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After years of hype, extended reality—augmented reality (AR), virtual reality (VR), and mixed reality (MR)—has entered the mainstream. Commercially available, relatively inexpensive VR headsets transport wearers to other realities—fantasy worlds, faraway countries, sporting events—in ways that even the most ultra-high-definition screen cannot. AR glasses receive data in visual and auditory forms that are more useful than any laptop or smartphone can deliver. Immersive MR environments blend physical and virtual reality to create a new reality. In this volume in the MIT Press Essential Knowledge series, technology writer Samuel Greengard offers an accessible overview of developments in extended reality, explaining the technology, considering the social and psychological ramifications, and discussing possible future directions.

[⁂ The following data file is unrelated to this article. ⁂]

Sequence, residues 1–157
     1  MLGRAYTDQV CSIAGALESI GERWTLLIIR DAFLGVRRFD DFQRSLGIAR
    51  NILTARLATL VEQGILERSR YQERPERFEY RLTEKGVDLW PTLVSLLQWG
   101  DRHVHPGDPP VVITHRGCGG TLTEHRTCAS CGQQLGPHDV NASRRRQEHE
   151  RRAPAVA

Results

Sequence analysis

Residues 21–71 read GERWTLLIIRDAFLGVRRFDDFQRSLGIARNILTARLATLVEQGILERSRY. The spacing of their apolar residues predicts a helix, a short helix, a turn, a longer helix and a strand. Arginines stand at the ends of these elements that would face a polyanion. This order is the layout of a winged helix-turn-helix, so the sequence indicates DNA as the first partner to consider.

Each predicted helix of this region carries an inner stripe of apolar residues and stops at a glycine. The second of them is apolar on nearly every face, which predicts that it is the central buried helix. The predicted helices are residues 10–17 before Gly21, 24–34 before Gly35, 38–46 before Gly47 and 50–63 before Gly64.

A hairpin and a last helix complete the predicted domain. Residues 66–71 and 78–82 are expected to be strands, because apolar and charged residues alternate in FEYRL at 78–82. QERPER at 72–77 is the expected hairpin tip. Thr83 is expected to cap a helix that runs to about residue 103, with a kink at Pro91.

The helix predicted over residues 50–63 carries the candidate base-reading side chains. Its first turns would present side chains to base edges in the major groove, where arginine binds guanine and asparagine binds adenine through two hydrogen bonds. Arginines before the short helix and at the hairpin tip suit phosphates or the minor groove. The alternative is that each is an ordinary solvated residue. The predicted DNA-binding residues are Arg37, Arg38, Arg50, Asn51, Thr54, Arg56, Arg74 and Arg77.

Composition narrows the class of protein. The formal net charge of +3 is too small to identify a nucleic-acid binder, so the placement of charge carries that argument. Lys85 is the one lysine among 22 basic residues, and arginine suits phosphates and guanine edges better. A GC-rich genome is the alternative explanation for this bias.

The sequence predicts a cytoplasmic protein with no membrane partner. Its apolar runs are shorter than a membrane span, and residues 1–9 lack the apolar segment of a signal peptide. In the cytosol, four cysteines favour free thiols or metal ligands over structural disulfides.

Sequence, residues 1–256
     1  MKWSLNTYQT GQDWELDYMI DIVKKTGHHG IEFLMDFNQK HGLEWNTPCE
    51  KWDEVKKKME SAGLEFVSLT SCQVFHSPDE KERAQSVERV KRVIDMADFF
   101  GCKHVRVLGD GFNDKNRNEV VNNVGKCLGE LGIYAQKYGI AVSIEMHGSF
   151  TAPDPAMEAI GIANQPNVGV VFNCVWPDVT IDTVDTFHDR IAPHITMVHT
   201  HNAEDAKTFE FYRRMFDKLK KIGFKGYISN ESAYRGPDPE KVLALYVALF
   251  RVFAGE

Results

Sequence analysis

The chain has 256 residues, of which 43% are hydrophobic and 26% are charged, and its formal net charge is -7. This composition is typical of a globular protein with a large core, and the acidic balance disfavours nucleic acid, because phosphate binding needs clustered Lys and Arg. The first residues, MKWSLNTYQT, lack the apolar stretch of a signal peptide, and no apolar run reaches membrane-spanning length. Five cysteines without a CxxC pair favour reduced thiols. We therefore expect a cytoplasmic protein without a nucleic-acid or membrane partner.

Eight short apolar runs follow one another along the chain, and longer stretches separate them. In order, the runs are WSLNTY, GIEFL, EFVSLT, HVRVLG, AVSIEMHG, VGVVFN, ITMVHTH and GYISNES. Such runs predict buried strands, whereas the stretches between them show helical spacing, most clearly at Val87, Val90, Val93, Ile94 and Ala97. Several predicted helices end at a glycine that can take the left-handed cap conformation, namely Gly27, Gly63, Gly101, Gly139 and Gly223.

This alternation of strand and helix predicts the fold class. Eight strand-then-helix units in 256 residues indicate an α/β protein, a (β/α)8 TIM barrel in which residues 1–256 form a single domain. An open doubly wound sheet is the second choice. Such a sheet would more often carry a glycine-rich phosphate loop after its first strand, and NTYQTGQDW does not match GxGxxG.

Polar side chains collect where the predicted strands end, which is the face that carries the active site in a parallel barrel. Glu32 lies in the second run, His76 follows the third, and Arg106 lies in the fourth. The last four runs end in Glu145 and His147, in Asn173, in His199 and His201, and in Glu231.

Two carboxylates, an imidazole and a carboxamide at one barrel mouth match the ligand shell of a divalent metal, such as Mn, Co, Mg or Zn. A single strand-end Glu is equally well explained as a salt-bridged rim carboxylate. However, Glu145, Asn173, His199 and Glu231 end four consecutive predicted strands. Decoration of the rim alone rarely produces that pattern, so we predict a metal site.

Greengard describes the history and technological development of augmented and virtual realities, including the latest research in the field, and surveys the various shapes and forms of VR, AR, and MR, including head-mounted displays, mobile systems, and goggles. He examines the way these technologies are shaping and reshaping some professions and industries, and explores how extended reality affects psychology, morality, law, and social constructs. It’s not a question of whether extended reality will become a standard part of our world, he argues, but how, when, and where these technologies will take hold. Will extended reality help create a better world? Will it benefit society as a whole? Or will it merely provide financial windfalls for a select few? Greengard’s account equips us to ask the right questions about a transformative technology.